This is an old New York Times story (end of August) that somehow came across the Twitter transom today, but it’s pitch-perfect Times. It answers one of the pressing questions of middle America, and dare I say of all 99-percenters: How fares the 26-year-old Harvard grad who couldn’t get a publishing job with her English lit degree? Well, friends, it’s pretty dire:
At one point, she had applied for an editorial-assistant job at Gourmet magazine. Less than two weeks later, Condé Nast shut down that 68- year-old magazine. “So much for that job application,” said Ms. Klein, now 26.
One night she bumped into a friend, who asked her to join a punk rock band, Titus Andronicus, as a guitarist. Once, that might have been considered professional suicide. But weighed against a dreary day job, music suddenly held considerable appeal. So last spring, she sublet her room in the Fort Greene section of Brooklyn and toured the country in an old Chevy minivan.
“I’m fulfilling my artistic goals,” Ms. Klein said.
Meet the members of what might be called Generation Limbo: highly educated 20-somethings, whose careers are stuck in neutral, coping with dead-end jobs and listless prospects.
I’m not going to give Ms. Klein the same crap I gave JD Samson, because Klein is not really complaining here. Nor should she be. Titus Andronicus is not a garage outfit. They’re signed to a major independent label (XL recordings), have appeared on Late Night (albeit the ersatz, Jimmy Fallon version) and play in big venues and major music festivals. It doesn’t sound like Klein is a millionaire, but my guess is she isn’t living on off-brand ramen either.
What’s more telling is that she would be offered as emblematic of a generation — “Generation Limbo” as the author puts it — along with the likes of Stephanie Morales, a 23-year-old Dartmouth grad who wanted a job in “the arts” but has been forced to work as a paralegal, and who claims that half a dozen of her Ivy-League friends are on food stamps:
Some of Ms. Morales’s classmates have found themselves on welfare. “You don’t expect someone who just spent four years in Ivy League schools to be on food stamps,” said Ms. Morales, who estimates that a half-dozen of her friends are on the Supplemental Nutrition Assistance Program. A few are even helping younger graduates figure out how to apply. “We are passing on these traditions on how to work in the adult world as working poor,” Ms. Morales said.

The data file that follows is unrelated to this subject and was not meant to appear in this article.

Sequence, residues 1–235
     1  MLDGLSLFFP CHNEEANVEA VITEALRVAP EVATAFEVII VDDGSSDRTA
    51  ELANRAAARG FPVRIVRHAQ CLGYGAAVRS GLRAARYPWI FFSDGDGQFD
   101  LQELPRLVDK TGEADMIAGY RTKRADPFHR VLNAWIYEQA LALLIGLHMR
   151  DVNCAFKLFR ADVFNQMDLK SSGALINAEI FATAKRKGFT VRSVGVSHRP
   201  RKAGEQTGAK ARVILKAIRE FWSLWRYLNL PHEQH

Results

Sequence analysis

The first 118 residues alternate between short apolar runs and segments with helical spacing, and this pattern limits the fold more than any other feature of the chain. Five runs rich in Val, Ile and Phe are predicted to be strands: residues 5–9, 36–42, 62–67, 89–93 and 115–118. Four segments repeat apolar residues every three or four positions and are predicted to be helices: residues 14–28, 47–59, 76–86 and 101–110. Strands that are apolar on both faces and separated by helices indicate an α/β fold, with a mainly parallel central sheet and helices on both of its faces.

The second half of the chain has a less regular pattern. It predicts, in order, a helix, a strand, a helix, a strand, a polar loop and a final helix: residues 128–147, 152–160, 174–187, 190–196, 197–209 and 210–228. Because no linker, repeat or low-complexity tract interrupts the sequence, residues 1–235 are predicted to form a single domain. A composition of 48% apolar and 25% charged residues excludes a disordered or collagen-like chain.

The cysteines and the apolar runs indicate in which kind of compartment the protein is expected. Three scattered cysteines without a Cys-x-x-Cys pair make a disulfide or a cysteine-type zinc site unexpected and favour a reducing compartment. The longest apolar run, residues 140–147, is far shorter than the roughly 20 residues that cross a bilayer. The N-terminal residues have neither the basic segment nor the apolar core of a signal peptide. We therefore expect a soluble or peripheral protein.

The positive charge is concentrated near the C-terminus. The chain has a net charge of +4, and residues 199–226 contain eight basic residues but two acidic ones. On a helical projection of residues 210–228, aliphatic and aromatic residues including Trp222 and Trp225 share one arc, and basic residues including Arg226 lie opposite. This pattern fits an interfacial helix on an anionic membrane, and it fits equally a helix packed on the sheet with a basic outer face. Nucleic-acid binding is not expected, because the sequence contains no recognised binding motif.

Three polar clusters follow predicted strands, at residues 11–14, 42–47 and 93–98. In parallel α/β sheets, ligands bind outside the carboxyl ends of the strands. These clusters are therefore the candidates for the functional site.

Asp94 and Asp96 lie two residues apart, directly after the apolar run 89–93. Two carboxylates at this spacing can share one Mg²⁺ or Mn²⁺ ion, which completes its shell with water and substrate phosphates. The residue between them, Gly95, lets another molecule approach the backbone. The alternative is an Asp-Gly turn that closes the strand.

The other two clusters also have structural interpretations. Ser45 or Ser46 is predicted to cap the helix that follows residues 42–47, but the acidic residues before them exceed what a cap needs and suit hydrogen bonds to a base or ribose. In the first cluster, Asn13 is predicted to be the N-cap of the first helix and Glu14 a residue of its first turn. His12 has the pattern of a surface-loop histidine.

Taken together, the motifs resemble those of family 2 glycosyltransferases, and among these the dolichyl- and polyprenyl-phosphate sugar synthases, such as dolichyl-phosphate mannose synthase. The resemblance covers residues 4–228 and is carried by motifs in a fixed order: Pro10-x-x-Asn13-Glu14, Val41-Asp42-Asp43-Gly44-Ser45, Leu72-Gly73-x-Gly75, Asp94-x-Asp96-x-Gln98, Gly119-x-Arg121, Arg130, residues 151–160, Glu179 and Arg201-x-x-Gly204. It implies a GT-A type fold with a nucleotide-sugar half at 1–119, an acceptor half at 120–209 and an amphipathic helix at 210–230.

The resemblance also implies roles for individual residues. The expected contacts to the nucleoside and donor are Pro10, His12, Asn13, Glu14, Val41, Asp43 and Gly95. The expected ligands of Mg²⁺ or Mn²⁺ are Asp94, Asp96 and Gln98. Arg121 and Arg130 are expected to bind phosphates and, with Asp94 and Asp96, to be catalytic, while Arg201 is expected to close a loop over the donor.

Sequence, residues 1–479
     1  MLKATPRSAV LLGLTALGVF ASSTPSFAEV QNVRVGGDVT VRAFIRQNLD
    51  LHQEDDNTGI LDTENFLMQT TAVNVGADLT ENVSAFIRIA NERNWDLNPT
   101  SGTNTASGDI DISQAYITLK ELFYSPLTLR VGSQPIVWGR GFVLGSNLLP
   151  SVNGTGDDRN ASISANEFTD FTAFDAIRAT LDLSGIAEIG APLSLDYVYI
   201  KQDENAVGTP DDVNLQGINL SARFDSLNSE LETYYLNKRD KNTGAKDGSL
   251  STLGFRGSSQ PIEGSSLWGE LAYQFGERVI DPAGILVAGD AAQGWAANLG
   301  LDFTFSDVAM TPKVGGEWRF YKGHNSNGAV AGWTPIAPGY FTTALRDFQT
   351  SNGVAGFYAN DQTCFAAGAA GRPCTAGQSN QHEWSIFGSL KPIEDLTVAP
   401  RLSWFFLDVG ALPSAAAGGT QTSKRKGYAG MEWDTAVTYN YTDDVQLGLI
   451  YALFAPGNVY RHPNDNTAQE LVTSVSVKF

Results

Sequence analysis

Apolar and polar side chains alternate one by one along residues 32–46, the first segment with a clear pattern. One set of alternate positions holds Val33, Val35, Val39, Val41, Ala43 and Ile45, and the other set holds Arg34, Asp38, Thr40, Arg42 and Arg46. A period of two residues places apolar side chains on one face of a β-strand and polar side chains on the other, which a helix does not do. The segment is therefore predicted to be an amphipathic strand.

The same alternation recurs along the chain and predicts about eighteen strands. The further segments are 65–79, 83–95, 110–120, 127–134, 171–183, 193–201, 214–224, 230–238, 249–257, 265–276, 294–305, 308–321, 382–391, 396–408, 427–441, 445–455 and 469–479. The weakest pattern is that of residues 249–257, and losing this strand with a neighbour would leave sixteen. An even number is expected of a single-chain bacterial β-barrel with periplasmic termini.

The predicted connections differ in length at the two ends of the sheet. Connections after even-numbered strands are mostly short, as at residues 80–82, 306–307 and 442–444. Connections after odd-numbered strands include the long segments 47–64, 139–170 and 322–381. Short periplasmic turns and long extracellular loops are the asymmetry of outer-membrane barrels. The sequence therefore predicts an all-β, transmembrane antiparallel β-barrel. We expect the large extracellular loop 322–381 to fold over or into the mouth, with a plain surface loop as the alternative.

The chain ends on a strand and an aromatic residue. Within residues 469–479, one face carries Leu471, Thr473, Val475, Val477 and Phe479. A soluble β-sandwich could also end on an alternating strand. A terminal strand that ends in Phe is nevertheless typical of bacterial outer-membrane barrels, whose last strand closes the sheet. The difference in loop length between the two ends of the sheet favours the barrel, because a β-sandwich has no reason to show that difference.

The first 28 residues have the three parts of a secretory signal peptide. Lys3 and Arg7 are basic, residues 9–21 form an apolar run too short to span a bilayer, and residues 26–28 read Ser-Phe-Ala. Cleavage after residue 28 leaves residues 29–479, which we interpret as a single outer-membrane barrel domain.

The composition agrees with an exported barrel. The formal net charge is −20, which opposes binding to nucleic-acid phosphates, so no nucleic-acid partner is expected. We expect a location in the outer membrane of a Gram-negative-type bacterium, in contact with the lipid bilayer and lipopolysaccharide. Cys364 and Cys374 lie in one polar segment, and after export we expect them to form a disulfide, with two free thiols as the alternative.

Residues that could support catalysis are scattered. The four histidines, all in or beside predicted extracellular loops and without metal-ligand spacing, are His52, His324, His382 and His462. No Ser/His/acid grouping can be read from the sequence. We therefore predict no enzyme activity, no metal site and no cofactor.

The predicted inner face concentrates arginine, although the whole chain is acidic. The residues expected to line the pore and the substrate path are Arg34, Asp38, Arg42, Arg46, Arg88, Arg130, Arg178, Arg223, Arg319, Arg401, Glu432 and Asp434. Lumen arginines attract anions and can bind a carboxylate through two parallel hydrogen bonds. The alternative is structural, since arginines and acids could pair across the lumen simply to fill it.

But the modal 20-something in America is not an Ivy-League educated bassist living on food stamps in Brooklyn. Not now, not yet. Yet if by its selection of my generation’s mascots, the Times is again betraying its tendency to be preoccupied with the travails of a bi-coastal socioeconomic sliver that Whit Stillman would call “the urban, haute bourgeoisie“, they’re not alone. Indeed, that sort of narrative has probably been played for laughs and rhetorical points a easily by those of us the Right, during the “occupation” of Wall Street. It’s easy to laugh at vegan casseroles and long-haired ironists, at downward-twinkles and the kid who thinks you should pay his college tuition because he thinks you should pay his college tuition. It is every conservative’s God-given right to (rhetorically) punch hippies, and far be it from me to tell anybody to stop — indeed, I’ve done my share of it. But while many of my fellow 20-somethings — including many of those in Zuccotti Park — are likely over-educated and underemployed, naive and entitled, it shouldn’t be forgotten that most of us did not go to Ivy League schools on borrowed dimes. That most of us did not major in Gender Studies. That by my estimate, somewhere between 88 and 96 percent of us* are gainfully employed. And that a similarly large proportion of us thus don’t have the time or inclination to Occupy Wall Street. The kids are still all right. Most of us, anyway.
*The unemployment rate for college grads over 25 is 4.2 percent, and I quickly summed the unemployment numbers for the 20-24 and 24-29 demos and figured out that the unemployment rate for 20-somethings is about 12.2 percent.